I’ve made my own fire starters from dryer lint, Vaseline-soaked cotton balls, steel wool and old rubber bike tires.
But I’ve also purchased some as well. The question is, which store-bought ones are best? Well, here are a few I lit up and field-tested on my last winter camping trip.
This is a common brand, found in stores like Canadian Tire. They’re non-toxic — made of sawdust and wax. They’ll work if wet. They also burn for well over 10 minutes, which means in theory you could just use them as a heat source on their own.
The only negative point is that they are heavier than all the others tested, and a strong breeze can blow it out after it gets going. (Using a magnesium striker to get it started isn’t very easy, but it’s doable.) The price is the lowest, at around $3 for a pack of 12.
This is another common brand. They are paper cups full of 100 per cent recycled eco-friendly wax. The company is more commonly known for their enviro-logs for home fireplaces, not their fire starters for camping. This might be why their fire starters aren’t as popular with many campers. I think they’re one of the best, especially for using in my woodstove while hot tenting in the winter. Some interior campers might find they’re too big compared to the other options — the cup is about a 2.5-cm diameter — but there’s not much weight to them. The starter also burns for a good 20 minutes and has a solid flame throughout. I have to admit that when I first used the product, I expected to find a wick sticking out the centre. Instead, you light the paper cup. However, after using them a number of times, lighting the cup makes much more sense than a wick. A box of 24 cost around $12.
The Firefly Fire Starters were the lightest tested — 32 grams. I bought a pack at MEC — but I haven’t seen them in any other stores. They’re made with a natural beeswax base and are non-toxic. I was impressed, at least once I figured out how to light them properly. (There are no real instructions.) The trick is to peel the stick in half and expose the fluffy, frayed wax material in the middle. If you just put a match to the strip as-is, it’s like trying to light a candle without a wick. They’re not the best choice if you’re using a magnesium striker — but when size and weight matters, they’re a good option. You get nine strips per pack at a price of $5.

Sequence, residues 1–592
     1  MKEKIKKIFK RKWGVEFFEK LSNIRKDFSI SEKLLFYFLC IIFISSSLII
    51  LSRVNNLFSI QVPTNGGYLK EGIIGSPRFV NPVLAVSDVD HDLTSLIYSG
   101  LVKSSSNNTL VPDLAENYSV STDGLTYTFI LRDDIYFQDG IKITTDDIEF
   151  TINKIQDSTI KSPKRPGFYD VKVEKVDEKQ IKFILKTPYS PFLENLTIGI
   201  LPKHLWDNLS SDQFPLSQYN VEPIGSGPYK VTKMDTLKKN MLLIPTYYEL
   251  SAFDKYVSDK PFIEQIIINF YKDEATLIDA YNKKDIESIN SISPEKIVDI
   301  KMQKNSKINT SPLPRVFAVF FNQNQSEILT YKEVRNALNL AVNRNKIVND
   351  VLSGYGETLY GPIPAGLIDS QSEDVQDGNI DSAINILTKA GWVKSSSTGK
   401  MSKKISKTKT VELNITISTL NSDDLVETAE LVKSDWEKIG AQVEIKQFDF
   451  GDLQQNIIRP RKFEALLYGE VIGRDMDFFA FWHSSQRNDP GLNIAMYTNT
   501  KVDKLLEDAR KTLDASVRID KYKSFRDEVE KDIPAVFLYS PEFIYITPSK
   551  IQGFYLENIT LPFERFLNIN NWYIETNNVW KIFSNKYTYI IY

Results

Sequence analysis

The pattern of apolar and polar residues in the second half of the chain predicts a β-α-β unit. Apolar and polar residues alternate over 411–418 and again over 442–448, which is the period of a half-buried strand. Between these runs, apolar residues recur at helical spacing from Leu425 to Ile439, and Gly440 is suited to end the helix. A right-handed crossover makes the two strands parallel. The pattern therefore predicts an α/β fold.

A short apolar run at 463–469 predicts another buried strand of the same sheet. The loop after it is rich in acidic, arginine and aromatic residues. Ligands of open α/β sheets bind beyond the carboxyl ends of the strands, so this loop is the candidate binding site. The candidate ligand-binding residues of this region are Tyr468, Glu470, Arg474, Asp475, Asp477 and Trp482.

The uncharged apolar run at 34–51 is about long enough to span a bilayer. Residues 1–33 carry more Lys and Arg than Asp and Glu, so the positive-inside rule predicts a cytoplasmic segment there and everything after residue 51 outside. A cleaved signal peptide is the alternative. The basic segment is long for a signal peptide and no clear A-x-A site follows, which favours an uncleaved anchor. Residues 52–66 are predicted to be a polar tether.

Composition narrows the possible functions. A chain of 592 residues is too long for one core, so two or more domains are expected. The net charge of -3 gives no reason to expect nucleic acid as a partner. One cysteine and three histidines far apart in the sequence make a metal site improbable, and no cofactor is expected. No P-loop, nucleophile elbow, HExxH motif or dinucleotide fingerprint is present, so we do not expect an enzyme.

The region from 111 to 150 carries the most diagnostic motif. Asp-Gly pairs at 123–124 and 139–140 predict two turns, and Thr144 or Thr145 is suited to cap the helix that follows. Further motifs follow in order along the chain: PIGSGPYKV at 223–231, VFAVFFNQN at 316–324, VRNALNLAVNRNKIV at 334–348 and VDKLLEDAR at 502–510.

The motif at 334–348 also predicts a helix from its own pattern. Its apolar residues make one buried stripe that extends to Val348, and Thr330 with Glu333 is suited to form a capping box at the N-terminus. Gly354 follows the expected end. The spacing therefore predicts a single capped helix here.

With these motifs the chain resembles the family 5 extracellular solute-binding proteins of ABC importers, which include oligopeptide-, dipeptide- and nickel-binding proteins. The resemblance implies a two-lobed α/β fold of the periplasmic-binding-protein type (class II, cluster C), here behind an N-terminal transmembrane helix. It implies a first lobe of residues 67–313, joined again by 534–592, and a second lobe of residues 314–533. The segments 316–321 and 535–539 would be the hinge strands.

I’ve used this brand before and really like it. They’re not easy to find though. Canadian Outdoor Equipment is a good source, and I’ve just recently seen them at SAIL. They’re lightweight, compact and definitely work when wet. Amongst the other brands, the Instaflame work the best with a magnesium striker. The product is made of compressed beech and aspen wood wool — that stuff you see wine bottles packed in at the liquor store — mixed with food-grade paraffin wax. They’re non-toxic, just like the other brands. The only main difference is that the Instaflame’s burn time is shorter. It will burn for only around 10 minutes. But they’re not meant to be used as a possible wood source. They’re made to get your fire going, especially during a downpour. The cost is $4 for a pack of 12.
The ingredients for Instafire are unique. It’s made of volcanic rock, recycled wood pellets and paraffin wax. It’s non-toxic, water-resistant and gives off a slight greenish hue when burning. The burn time is 10 to 15 minutes. It can also be started by using a magnesium striker. However, I had a difficult time igniting it by just using the striker directly. I had to shave off some magnesium first to help get things going. The pack I bought at MEC contained four pouches for $5.